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What to Know About Heat Domes—and How Long They Last

Hundreds of millions of Americans remain affected by yet another week of sweltering heat as excessive heat watches are enacted across the U.S., from California to New York. 

Heat waves are becoming more common in major U.S. cities, the United States Environmental Protection Agency reports, happening an average of six times a year. But this July has been particularly stifling, breaking more than 2,400 temperature-highs in the last 30 days across the country. July is also on pace to become the hottest month ever recorded globally, and it’s due to a heat dome—a dome of high pressure that traps air and heat— in the U.S. 

Temperatures this week were particularly high in the American South and Southwest, where cities like Phoenix are projected to hit an average monthly temperature of more than 100 degrees. But Accuweather Meteorologist Joseph Bauer says that the current heat dome that is causing extreme heat will soon extend east, bringing high temperatures towards the lower Mississippi Valley and central U.S. 

The current heat dome has been impacting the country for more than a month, which experts say is unusual. “Usually heat domes break down after a week, maybe two weeks, but in this case, our heat dome is refusing to budge,” meteorologist Matthew Cappucci tells TIME. “[It started] in mid June, and really remained the standard across parts of the Southwest and now central U.S…and it's expanding in terms of longitude west to east.” 

Here’s what to know. 

What is a heat dome? 

Record-high temperatures have been brought forward by the current heat dome in the U.S. Heat domes, according to Gabriel A. Vecchi, professor of Geosciences at Princeton University, refer to an area of very high pressure in the atmosphere that extends a few miles upwards and traps hot ocean air.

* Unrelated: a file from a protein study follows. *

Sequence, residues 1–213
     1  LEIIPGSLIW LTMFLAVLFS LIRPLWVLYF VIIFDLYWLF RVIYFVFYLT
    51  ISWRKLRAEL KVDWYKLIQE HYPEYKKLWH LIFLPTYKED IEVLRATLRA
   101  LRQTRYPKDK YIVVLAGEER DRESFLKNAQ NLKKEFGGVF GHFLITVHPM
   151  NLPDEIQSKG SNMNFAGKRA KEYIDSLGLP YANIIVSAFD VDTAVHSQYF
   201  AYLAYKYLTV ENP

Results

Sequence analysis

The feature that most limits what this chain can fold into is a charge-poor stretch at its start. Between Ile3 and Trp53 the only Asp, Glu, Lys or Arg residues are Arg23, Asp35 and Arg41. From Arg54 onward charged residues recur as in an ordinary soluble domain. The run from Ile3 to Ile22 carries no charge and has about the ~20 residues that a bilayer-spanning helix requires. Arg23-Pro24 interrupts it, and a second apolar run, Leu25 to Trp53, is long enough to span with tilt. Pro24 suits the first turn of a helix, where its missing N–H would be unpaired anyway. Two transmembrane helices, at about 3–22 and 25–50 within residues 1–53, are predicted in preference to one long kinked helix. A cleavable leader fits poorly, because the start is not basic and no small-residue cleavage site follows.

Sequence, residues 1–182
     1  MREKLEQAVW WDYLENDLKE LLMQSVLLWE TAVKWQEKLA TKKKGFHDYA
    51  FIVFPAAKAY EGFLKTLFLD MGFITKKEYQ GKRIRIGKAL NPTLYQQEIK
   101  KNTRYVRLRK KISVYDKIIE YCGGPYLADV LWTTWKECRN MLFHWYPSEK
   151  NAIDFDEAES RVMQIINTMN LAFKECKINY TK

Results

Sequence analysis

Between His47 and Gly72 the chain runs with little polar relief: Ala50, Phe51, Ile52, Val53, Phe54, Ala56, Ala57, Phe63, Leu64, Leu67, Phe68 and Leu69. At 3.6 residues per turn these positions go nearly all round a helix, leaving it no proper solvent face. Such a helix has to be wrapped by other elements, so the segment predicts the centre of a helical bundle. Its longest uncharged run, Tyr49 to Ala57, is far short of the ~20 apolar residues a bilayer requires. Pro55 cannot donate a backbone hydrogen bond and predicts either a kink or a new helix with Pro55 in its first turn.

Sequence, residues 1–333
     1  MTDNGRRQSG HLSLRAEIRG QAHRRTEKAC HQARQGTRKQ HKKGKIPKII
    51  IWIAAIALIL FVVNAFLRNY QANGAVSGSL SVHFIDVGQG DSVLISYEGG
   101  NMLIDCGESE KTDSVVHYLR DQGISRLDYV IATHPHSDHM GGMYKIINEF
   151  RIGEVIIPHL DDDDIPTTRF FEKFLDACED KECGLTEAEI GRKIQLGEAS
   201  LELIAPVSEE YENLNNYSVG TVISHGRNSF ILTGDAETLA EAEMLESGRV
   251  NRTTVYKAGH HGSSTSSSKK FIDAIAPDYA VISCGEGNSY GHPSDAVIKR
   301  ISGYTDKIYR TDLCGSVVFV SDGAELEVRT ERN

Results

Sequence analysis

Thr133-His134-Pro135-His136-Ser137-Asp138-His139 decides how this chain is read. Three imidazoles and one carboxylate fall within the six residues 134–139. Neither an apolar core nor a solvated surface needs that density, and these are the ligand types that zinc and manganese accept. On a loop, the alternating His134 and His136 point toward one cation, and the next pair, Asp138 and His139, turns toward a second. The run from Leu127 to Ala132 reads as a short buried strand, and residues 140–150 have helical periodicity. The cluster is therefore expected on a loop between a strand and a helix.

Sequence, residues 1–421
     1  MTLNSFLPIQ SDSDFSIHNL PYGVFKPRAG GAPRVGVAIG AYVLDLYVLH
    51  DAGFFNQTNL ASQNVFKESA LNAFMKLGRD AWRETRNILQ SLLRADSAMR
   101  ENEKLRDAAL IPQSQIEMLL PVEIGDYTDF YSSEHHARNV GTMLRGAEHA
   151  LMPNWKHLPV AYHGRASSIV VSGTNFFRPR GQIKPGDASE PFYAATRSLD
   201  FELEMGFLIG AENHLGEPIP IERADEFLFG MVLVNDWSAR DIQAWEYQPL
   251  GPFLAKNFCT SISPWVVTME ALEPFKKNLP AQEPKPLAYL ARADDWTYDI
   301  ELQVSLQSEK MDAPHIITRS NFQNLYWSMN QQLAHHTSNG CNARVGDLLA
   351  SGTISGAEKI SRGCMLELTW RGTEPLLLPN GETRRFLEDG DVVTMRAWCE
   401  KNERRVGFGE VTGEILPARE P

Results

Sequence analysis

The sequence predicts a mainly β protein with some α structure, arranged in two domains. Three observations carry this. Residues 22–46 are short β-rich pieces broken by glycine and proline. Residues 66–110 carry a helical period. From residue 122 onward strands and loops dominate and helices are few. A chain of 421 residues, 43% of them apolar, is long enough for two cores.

Heat domes and heat waves happen at the same time, Vecchi says, though a heat dome intensifies heat waves and causes them to persist. That’s because heat domes squash cloud coverage, rain, and deflect inclement weather, Capucci says. “Basically we just get the sun pouring down sunshine unimpeded, baking the ground, and no real cloud cover or moisture to stave off our temperatures.”

What causes heat domes? 

Heat domes can be caused by several factors. However, Bauer says that one of the contributing factors for this month’s heat dome has to do with sea surface temperature anomalies, which is when the temperature of the ocean’s surface differs from its average measure. 

So far this year, the Southwest coast has seen below average sea surface temperatures. However, Bauer says that meteorologists have seen sea surface temperatures increase across the Northern Pacific—mainly off the coast of Washington, Oregon and British Columbia. Those temperatures create the perfect atmosphere for domes of high atmospheric pressure to build, Bauer says. Heat domes can usually last for days or weeks and usually affect large parts of the U.S. at the same time.

Will heat waves continue to occur? 

This weekend, excessive heat warnings are in effect in areas like New York City and Boston, with temperatures expected to rise above the 90s.  

Experts are unclear about how long heat waves will persist because pressure changes happen daily, though Cappucci tells TIME that he foresees heat waves continuing into August in the U.S. 

The National Weather Service’s Climate Prediction Center says that above normal temperatures are likely to take place in the Plains and across the South through August 6. A monthly temperature outlook by the Center, however, shows that temperatures will largely remain average across much of the U.S. come mid-August, though that is still to be seen. 

Experts say heat waves are likely to happen more frequently and more intensely in the upcoming decades. “Because global warming is almost certainly going to continue over the next century and enhance even if we reduce greenhouse gasses, there's going to continue to be an enhanced likelihood of heat waves in the northern hemisphere,” says Vecchi.

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